Monday, 2 May 2011

Conditionals in C

Conditionals

This Chapter deals with the various methods that C can control the flow of logic in a program. Apart from slight syntactic variation they are similar to other languages.

As we have seen following logical operations exist in C:

==, !=, $\parallel$, &&.

One other operator is the unitary - it takes only one argument - not !.

These operators are used in conjunction with the following statements.

The if statement

The if statement has the same function as other languages. It has three basic forms:


if (expression)
statement

...or:


if (expression)
statement1
else
statement2

...or:


if (expression)
statement1
else if (expression)
statement2
else
statement3

For example:-


int x,y,w;

main()
{

if (x>0)
{
z=w;
........
}
else
{
z=y;
........
}

}

The ? operator

The ? (ternary condition) operator is a more efficient form for expressing simple if statements. It has the following form:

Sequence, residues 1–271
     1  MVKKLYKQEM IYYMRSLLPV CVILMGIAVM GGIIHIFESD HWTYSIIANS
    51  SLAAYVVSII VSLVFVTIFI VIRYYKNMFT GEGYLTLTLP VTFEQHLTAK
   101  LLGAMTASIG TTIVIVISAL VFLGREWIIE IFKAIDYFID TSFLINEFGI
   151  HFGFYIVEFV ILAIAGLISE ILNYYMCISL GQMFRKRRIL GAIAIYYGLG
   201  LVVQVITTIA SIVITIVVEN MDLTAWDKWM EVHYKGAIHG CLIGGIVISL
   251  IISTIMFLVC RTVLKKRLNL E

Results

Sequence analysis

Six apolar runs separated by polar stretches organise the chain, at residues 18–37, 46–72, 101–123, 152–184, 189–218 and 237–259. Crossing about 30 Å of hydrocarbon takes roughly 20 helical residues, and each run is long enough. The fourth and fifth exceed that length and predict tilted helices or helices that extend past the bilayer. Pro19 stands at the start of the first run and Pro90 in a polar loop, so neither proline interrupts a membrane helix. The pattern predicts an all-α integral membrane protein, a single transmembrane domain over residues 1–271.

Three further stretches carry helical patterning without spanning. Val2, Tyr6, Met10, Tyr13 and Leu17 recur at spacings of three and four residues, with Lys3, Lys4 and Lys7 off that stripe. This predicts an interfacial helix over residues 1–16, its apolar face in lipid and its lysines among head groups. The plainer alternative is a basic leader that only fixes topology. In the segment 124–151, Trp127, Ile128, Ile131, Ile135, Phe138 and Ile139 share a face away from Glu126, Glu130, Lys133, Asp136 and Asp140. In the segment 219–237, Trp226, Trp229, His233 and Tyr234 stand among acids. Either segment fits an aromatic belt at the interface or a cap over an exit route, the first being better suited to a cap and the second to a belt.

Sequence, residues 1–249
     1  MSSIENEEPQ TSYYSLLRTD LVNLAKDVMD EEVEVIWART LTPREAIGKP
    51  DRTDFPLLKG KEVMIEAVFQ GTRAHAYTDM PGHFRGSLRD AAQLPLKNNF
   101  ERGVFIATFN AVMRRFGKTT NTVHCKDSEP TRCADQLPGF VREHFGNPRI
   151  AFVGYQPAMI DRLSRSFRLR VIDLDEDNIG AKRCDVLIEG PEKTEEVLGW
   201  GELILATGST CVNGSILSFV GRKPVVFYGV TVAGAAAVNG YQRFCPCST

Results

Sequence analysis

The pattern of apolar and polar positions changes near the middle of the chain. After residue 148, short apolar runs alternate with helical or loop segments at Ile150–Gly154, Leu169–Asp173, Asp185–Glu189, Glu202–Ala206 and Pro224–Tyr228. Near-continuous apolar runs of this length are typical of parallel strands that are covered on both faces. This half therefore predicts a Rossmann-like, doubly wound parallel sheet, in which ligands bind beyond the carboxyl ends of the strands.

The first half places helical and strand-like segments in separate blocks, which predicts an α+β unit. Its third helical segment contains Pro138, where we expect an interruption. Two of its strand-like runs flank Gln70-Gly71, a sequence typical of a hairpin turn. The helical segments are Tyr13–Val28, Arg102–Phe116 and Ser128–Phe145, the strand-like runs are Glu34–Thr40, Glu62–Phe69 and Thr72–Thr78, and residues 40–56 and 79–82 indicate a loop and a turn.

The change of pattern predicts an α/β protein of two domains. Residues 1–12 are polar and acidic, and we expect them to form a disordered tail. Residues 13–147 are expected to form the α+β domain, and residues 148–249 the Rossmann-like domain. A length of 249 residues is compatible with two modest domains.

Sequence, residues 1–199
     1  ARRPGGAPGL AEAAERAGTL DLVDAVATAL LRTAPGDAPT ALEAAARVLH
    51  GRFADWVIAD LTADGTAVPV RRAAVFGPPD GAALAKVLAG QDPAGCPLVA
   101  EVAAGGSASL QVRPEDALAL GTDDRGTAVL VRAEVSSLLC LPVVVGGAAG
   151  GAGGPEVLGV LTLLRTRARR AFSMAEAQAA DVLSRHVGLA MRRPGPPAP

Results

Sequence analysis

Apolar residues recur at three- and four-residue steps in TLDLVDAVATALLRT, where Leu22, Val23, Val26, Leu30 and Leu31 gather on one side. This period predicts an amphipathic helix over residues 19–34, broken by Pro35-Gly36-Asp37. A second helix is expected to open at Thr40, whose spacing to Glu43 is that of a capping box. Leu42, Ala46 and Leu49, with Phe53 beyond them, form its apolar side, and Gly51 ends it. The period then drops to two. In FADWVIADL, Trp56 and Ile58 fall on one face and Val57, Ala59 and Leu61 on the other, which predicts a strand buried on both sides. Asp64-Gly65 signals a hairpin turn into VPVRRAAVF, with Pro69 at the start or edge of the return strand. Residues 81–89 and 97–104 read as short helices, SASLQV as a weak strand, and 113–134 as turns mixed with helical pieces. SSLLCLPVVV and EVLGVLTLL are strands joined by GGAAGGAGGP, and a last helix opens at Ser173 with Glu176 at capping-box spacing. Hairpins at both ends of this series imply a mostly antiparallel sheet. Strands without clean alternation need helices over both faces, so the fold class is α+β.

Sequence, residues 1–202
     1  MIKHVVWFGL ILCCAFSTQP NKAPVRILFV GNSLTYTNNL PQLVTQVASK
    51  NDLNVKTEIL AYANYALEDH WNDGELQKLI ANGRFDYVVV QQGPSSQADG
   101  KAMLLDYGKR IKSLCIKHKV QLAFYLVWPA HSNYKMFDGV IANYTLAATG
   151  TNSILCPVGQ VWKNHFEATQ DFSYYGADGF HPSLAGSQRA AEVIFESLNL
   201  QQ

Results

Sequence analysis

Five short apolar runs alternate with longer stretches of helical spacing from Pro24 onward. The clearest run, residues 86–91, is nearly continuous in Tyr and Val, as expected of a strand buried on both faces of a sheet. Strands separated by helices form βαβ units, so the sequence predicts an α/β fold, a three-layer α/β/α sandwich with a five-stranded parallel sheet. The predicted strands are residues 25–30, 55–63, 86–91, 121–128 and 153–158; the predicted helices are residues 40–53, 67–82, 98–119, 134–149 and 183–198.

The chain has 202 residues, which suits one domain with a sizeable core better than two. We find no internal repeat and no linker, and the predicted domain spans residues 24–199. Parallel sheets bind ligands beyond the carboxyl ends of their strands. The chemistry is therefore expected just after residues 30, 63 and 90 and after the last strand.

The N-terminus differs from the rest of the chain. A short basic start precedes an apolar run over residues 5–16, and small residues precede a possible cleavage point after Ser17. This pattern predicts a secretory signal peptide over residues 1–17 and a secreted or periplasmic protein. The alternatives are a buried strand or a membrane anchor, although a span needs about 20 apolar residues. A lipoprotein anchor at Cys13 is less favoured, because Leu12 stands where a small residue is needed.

expression1 ? expression2: expression3

It simply states:

if expression1 then expression2 else expression3

For example to assign the maximum of a and b to z:


z = (a>b) ? a : b;

which is the same as:


if (a>b)
z = a;
else
z=b;

The switch statement

The C switch is similar to Pascal's case statement and it allows multiple choice of a selection of items at one level of a conditional where it is a far neater way of writing multiple if statements:


switch (expression) {
case item1:
statement1;
break;
case item2:
statement2;
break;
$\vdots$ $\vdots$ case itemn:
statementn;
break;
default:
statement;
break;
}

In each case the value of itemi must be a constant, variables are not allowed.

The break is needed if you want to terminate the switch after execution of one choice. Otherwise the next case would get evaluated. Note: This is unlike most other languages.

We can also have null statements by just including a ; or let the switch statement fall through by omitting any statements (see e.g. below).

The default case is optional and catches any other cases.

For example:-


switch (letter)
{
case `A':
case `E':
case `I':
case `O':
case `U':
numberofvowels++;
break;

case ` ':
numberofspaces++;
break;

default:
numberofconstants++;
break;
}

In the above example if the value of letter is `A', `E', `I', `O' or `U' then numberofvowels is incremented.

If the value of letter is ` ' then numberofspaces is incremented.

If none of these is true then the default condition is executed, that is numberofconstants is incremented.

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